March 22, 2018
Or the Christmas Movie Tour? Since interest in this theme pretty much evaporates after you’ve done Miracle on 34th Street, you’re left with Home Alone 2, Serendipity, and Scrooged.
See the spot where Buddy the Elf triumphed in a snowball fight and where Kevin McAllister met the Pigeon Lady!
Uh…no thank ya. I think I’ll be boring and go have a pint at McSorley’s.
Or the Summer Solstice Tour, which seems to be identical to the Winter Solstice Tour, both of which involve wandering around Central Park, presumably doing something Druidical?
How about the Un-Highlights Tour of the Metropolitan Museum—meaning the stuff nobody else wants to look at? Or, if you absolutely must be such a tourist that you really wanna look at the van Goghs and Goyas and bronze statues from Greece and the mummies and the Yves St. Laurent costumes, at least do it the cool way and take the EmptyMet Tour, in which you get up at the crack of dawn and enter the museum ninety minutes before anyone else can get in. It’s a bargain at $175 a person.
The Chinatown Food Tour sounds promising until you realize the only restaurants involved are the obscure ones in basements, presumably because that makes them more authentic. This is especially ironic since you could go to Flushing, in Queens, where the Chinese immigrants have flocked over the past twenty years, and find Chinese cuisine that only the Chinese eat. Same thing goes for the Multi-Ethnic Eating Tour, which must be run by a lazy tour guide, since you could pretty much choose any three-block area for that in a city that speaks 800 languages.
Likewise, the extremely unimaginative Ghost Tour—is there any city in the world that doesn’t have three dozen ghost tours?—features a stop at “Hangman’s Elm,” at the northwest corner of Washington Square Park, a 310-year-old tree that is “rumored” to have been the site of many notorious executions. You know when these rumors started? When the walking tours began.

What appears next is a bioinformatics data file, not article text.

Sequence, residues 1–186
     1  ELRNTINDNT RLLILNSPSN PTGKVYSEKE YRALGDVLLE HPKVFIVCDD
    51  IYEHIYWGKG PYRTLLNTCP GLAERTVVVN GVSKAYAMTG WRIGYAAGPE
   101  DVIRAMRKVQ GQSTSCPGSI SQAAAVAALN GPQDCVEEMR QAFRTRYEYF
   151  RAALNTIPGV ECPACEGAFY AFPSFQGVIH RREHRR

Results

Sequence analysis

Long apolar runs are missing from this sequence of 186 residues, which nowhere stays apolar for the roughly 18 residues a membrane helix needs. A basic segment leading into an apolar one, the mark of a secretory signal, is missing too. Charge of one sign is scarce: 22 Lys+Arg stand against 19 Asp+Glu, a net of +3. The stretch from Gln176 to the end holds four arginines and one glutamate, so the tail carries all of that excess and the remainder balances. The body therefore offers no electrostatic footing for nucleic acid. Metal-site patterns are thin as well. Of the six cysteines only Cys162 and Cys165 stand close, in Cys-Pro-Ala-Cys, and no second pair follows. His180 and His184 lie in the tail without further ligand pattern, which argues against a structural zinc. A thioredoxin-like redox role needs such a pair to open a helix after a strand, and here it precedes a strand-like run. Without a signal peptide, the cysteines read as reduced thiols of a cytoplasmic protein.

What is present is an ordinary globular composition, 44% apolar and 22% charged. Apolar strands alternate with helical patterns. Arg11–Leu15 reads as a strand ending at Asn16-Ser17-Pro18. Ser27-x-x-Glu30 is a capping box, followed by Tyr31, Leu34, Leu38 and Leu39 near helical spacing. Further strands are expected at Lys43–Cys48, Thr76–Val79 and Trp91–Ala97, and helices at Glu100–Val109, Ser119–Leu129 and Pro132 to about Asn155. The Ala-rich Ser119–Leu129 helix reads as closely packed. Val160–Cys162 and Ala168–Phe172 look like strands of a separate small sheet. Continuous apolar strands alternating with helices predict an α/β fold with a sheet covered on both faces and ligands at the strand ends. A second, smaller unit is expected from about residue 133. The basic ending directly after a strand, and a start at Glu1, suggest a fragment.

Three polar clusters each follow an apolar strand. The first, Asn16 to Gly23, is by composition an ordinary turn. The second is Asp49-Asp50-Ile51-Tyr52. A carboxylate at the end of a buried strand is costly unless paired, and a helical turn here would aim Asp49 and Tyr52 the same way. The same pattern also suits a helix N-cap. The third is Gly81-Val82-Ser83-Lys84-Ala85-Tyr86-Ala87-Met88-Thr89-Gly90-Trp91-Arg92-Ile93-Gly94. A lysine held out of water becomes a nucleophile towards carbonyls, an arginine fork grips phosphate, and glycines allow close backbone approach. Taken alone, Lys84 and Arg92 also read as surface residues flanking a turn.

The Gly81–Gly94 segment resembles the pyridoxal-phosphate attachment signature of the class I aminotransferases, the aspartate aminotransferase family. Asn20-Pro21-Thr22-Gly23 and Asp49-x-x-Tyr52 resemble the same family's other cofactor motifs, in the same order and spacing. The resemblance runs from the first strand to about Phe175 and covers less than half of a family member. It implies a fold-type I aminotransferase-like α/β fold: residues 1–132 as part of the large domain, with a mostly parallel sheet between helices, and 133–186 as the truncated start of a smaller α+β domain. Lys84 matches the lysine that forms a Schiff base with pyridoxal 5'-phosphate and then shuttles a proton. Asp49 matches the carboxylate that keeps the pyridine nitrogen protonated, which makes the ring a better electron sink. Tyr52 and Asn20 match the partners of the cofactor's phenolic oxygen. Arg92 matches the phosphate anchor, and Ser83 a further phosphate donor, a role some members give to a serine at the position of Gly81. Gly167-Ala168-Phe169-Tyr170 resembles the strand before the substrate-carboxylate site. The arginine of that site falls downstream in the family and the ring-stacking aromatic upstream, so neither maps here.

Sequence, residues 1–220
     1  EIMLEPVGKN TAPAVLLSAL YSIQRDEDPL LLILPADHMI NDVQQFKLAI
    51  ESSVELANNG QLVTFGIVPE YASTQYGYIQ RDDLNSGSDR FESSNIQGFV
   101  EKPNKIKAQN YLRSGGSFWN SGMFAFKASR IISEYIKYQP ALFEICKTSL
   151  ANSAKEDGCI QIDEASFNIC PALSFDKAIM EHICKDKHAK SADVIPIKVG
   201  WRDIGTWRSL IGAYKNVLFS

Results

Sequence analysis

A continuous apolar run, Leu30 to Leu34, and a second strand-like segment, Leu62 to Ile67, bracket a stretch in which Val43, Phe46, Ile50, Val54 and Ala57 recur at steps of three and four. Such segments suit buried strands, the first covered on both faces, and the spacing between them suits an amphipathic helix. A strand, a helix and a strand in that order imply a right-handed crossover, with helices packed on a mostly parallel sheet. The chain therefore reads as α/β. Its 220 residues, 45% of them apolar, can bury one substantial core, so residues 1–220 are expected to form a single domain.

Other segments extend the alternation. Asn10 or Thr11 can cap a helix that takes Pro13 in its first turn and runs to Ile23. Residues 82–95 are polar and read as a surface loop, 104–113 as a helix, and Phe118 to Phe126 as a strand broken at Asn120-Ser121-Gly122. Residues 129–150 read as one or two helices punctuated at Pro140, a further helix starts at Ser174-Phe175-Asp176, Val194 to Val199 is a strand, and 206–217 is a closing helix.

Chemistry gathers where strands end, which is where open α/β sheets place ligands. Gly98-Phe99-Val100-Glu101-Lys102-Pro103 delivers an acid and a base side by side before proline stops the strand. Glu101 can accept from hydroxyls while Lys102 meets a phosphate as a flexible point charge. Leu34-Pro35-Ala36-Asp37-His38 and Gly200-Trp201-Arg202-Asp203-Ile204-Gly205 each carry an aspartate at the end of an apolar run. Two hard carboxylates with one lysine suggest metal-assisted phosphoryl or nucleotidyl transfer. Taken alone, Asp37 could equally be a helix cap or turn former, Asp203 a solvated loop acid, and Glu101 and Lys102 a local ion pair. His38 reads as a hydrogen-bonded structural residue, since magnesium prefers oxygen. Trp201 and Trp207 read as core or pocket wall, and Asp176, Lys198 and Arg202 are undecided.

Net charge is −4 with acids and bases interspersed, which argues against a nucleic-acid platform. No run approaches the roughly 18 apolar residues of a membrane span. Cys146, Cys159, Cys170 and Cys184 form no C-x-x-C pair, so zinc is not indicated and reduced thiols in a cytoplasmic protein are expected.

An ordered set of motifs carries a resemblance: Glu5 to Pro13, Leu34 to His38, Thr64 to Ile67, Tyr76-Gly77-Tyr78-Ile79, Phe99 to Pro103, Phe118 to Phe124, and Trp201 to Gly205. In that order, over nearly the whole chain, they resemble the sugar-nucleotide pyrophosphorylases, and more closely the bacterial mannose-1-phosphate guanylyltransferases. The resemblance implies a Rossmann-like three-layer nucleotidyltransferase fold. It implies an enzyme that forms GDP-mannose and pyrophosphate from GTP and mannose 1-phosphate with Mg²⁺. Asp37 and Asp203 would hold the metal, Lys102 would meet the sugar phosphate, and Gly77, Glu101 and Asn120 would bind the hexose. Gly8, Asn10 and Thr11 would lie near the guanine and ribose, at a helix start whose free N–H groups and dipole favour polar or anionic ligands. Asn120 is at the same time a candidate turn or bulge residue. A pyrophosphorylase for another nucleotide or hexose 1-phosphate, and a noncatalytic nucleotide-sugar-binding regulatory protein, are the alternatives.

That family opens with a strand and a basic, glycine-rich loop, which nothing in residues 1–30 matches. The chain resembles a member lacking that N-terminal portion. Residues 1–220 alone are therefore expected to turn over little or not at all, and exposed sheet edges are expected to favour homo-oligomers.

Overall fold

And perhaps this year’s anti-tourism Oscar should go to whoever designed the Manhattan Off-the-Beaten-Path Walking Tour. The highlights are Greenacre Park, a little vest-pocket oasis of greenery on 51st Street—not far from Jimmy Choo!—that you might miss entirely if you’re walking too fast, and Roosevelt Island, which consists of acres and acres of apartment buildings that remind you of Moscow in the 1950s.
Listen to me, people. The Statue of Liberty is not that bad. It’s really not. You’ll enjoy it. And it’s especially nice to look at when you think the country is going to hell. If you don’t like the lines, just jump on the Staten Island Ferry, which is free, and it will sail right under Lady Liberty’s torch going both directions. And the reason the statue is so spectacular, and the reason every American tourist should see it, is not because it welcomed the outcasts of the world—although she did. And it’s not because so many of our ancestors cried when they first saw it—although they did. And it’s not because Lady Liberty represents a world of inclusiveness and multiethnic multicultural multinational harmony—although she does.
No, the reason looking at it will give you hope is that France gave it to us. When the French start being nice, anything is possible.